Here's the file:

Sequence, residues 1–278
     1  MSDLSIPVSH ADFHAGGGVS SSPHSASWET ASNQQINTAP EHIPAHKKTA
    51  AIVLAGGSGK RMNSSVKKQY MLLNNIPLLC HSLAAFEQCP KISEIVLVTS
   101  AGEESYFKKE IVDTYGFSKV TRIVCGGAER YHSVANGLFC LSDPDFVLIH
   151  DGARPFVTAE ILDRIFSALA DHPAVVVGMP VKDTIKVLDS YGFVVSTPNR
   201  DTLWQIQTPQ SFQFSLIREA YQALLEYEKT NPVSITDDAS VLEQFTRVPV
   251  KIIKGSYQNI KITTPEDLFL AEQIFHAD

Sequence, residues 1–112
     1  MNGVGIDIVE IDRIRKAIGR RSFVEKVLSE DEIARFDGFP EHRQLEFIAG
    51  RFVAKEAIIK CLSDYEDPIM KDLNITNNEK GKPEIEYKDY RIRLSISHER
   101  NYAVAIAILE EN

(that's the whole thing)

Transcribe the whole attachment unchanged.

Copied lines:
Sequence, residues 1–278
     1  MSDLSIPVSH ADFHAGGGVS SSPHSASWET ASNQQINTAP EHIPAHKKTA
    51  AIVLAGGSGK RMNSSVKKQY MLLNNIPLLC HSLAAFEQCP KISEIVLVTS
   101  AGEESYFKKE IVDTYGFSKV TRIVCGGAER YHSVANGLFC LSDPDFVLIH
   151  DGARPFVTAE ILDRIFSALA DHPAVVVGMP VKDTIKVLDS YGFVVSTPNR
   201  DTLWQIQTPQ SFQFSLIREA YQALLEYEKT NPVSITDDAS VLEQFTRVPV
   251  KIIKGSYQNI KITTPEDLFL AEQIFHAD

Sequence, residues 1–112
     1  MNGVGIDIVE IDRIRKAIGR RSFVEKVLSE DEIARFDGFP EHRQLEFIAG
    51  RFVAKEAIIK CLSDYEDPIM KDLNITNNEK GKPEIEYKDY RIRLSISHER
   101  NYAVAIAILE EN